Posts Tagged ‘Criminal justice’

Why AG has a good reason to appeal Wally Woffles’ sentence

In Political governance on 18/06/2012 at 5:08 am

Netizens are up in arms over Wally Woffles’ $1000 fine. There are several reasons for this, and I will explore a darker reason later this week, I hope.

I was annoyed by his comment as reported in ST (remember this is the newspaper that is perceived by many as having an agenda when reporting the news) that he believes “many people similarly did not know that this is an offence”. I take this to mean that he still doesn’t realise the seriousness of what he did (in spirit helping to pervert the course of justice) and is not repentant. In fact, he comes across in the ST report, as saying,”This is not an offence that even merits me paying a ‘peanuts’ of a fine.” Why he was such a Wally to behave in such a perceived manner could be due to sheer arrogance or stupdidity or both. And anyway only a Wally would talk to the media: sit down and shut up is my advice when approached by a ST or SPH report.

In view of his unrepentant attitude to in spirit perverting the course of justice, this is a good reason for the Attorney-General to change his mind and appeal the sentence. The AG’s Chambers had earlier said that it was not going to appeal the sentence because a fine is “within the norm of usual sentences” under that charge.

This appeal is not throwing meat to the snarling beasts of the internet jungle, or handing over someone to the vigilantes from cowboy towns: but a proper and proportionate response to a unrepetent criminal (if ST is to be trusted) who in spirit perverted the course of justice.

But it would seem that the AG would do no such thing. SIGH, it would have dispelled the notion that the rich are different. Gd responses to the official spins coming from Law Minister and AG.



What price human dignity or safety?

In Political governance on 03/04/2012 at 5:58 am

(Or “It’s official: cheating is “bigger” crime than brutal assault”)

I tot of these headlines last Saturday as I read that a High Court judge allowed a $400,000 bail set by the lower court for each of the three directors of Profitable Plots to be reduced. He ordered bail for two amg moh FTs – John Andrew Nordmann,  and Timothy Nicholas Goldring – to be cut to $200,000 each, while Singaporean Geraldine Anthony Thomas, Nordmann’s wife, had her bail reduced to $150,000.

All three were still at Singapore Changi Prison, where they have been remanded since they were each charged in the Subordinate Courts with 86 criminal counts of abetment for conspiracy to defraud investors of US$2.42 million on investments related to an industrial lubricant called Boron early last week. They are trying to raise funds to post bail, it is understood.

The defendants’ lawyer had asked for bail to be reduced to $15,000 each because the three had not absconded and had abided by bail conditions during investigations. But the deputy public prosecutor  disagreed, rightly, saying that the situation is different now that the three are charged in court. The three pose as flight risks given the size of the losses and that they, if convicted, may be jailed for up to 10 years per charge.

One can only wonder why the authorities placed such a low value of around $12,000 bail, I believe, per ang moh FT, in the case of the ang moh FTs who brutally beat up several S’poreans at Suntec City in 2010. It was set so low, that two of them tot it smarter to run away and forfeit their money, when they were allowed to travel overseas.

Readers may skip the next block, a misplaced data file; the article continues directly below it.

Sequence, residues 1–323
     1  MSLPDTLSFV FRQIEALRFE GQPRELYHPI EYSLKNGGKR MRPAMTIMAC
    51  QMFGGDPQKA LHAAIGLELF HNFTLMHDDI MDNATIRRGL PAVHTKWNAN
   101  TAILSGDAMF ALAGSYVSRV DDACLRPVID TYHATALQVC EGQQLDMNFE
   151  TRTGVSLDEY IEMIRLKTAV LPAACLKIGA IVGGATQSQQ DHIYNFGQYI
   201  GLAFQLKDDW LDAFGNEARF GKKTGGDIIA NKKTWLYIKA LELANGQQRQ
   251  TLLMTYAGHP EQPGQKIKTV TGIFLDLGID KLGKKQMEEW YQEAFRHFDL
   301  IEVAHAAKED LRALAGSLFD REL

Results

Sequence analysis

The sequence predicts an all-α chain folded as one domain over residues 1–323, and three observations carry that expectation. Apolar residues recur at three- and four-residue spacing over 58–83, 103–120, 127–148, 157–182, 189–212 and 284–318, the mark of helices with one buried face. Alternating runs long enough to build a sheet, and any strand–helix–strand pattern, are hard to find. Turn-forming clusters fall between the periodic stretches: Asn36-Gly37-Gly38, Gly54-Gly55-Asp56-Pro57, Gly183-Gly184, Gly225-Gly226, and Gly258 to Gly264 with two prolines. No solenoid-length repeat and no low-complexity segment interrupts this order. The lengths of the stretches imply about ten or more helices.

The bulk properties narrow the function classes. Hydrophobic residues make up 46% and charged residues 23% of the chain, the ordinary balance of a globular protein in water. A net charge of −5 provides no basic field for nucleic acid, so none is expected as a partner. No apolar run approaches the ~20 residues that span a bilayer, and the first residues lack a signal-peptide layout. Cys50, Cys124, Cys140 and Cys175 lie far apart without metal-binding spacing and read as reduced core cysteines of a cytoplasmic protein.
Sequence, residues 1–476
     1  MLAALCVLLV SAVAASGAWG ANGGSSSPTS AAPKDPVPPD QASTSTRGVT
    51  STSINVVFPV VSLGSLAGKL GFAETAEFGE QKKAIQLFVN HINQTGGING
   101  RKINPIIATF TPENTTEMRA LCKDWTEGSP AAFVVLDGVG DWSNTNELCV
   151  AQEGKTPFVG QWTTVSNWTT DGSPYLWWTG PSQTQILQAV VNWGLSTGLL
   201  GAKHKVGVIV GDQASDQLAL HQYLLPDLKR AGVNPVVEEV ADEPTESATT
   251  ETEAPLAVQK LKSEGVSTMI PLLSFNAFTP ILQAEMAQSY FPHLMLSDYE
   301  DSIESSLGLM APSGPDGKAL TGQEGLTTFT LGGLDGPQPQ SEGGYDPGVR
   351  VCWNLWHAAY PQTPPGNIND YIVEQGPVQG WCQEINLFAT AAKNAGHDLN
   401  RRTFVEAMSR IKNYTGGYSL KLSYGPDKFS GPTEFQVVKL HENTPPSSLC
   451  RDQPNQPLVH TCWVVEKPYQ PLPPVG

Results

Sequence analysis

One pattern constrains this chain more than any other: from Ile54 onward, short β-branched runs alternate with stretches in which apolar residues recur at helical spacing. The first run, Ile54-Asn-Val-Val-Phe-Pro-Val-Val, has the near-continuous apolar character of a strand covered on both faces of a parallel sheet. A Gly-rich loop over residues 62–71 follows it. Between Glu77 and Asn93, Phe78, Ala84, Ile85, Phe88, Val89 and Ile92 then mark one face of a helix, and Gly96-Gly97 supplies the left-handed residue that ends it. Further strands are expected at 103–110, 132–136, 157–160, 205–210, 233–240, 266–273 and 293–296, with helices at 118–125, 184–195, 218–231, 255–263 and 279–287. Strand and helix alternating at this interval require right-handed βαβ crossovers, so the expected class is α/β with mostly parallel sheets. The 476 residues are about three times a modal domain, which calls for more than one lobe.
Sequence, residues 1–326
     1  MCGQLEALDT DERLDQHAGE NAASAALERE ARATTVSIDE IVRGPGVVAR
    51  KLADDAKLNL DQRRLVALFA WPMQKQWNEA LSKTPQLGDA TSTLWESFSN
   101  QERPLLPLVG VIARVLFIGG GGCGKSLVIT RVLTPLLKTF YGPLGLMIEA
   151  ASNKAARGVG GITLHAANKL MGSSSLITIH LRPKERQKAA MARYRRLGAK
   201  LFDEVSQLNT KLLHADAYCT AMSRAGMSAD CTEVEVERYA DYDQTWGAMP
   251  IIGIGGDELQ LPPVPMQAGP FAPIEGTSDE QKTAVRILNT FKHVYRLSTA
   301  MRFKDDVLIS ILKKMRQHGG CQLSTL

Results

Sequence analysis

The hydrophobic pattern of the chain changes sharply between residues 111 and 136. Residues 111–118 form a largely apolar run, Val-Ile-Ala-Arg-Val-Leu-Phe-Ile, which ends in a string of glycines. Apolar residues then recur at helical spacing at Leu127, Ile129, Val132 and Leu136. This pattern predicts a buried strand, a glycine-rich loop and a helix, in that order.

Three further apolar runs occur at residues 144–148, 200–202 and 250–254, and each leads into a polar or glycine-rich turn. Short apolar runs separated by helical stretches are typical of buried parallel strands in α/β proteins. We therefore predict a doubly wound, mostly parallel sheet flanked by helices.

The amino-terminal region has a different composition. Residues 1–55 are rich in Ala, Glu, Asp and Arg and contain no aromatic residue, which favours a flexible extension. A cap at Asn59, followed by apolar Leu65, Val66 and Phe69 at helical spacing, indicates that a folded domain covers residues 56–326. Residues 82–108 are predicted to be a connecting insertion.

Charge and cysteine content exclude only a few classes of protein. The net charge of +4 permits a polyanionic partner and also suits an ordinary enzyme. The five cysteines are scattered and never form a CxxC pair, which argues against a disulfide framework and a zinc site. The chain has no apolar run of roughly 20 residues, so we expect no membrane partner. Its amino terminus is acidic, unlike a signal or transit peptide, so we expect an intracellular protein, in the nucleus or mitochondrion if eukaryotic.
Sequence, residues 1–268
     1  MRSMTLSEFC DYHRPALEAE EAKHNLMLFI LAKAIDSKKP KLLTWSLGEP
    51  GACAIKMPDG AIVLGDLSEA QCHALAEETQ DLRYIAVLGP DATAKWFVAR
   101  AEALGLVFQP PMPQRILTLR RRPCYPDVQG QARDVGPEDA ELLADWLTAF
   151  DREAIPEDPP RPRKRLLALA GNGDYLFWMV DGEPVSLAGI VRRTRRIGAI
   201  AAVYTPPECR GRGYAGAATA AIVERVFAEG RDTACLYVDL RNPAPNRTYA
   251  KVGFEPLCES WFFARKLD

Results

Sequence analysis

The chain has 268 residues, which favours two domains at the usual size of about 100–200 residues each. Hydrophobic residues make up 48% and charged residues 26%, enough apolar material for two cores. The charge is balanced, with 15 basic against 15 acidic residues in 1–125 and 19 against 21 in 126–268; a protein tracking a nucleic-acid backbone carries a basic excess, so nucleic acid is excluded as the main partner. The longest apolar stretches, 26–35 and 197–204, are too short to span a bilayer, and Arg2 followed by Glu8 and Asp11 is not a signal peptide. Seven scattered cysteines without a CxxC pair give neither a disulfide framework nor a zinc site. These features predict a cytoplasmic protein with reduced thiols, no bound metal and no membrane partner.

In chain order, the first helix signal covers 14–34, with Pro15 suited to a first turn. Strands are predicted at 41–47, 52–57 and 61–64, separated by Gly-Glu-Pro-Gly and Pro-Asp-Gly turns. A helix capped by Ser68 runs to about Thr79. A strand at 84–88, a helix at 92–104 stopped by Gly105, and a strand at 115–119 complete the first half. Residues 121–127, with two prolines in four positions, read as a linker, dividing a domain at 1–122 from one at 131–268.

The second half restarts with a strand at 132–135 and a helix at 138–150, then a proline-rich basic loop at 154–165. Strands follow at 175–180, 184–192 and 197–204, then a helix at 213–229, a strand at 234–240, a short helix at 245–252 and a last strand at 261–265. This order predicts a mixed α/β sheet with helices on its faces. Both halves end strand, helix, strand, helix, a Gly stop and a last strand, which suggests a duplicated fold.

Why the discrepancy between the dollar value of a crime and its consequences on human dignity or safety is what the Home Affairs minister and DPM should be asking the relevant people in Home Team and other relevant agencies.  The minister had said in parly in March,”If there were any lapses or negligence, the police will take appropriate disciplinary action against the officers involved. We expect the internal inquiry to be completed next month.” Hopefully, he would now ask them to explain why the authorities placed such a low value on human dignity and life. But pigs would fly first, I suspect.

This is S’pore and money talks. Remember the MP who said that he could only respect those earning serious money?  Dr Lim was reported by the Chinese press in 2011 as having said:“If the annual salary of the Minister of Information, Communication and Arts is only $500,000, it may pose some problems when he discuss policies with media CEOs who earn millions of dollars because they need not listen to the minister’s ideas and proposals, hence a reasonable payout will help to maintain a bit of dignity.”

True he finally apologised saying, “Dignity cannot be and must not be measured purely in monetary terms”. But boy did he twist and turn before he decided to apologise.

No I’m not exaggerating. Minister Teo was asked about the assessment of foreigners for flight risk, the measures taken to prevent such foreigners from absconding and the criteria applied in the assessment of whether extradition proceedings against such foreigners who have fled jurisdiction will be commenced. In reply, he said that there is a standard set of procedures for the handling of accused persons, whatever their nationality, from arrest, to investigation, to charging them in court, and to police bail (Emphasis added).

Better to beat up a S’porean by bashing his head against a pillar, than cheat a S’porean of his money is my understanding of the way the two cases were handled and the minister’s words seem to confirm that my interpretation is reasonable. BTW, he tried to deflect blame from Home Team and the other authorities saying that the court had the final say in deciding bail. Err who makes the request in the first place, minister?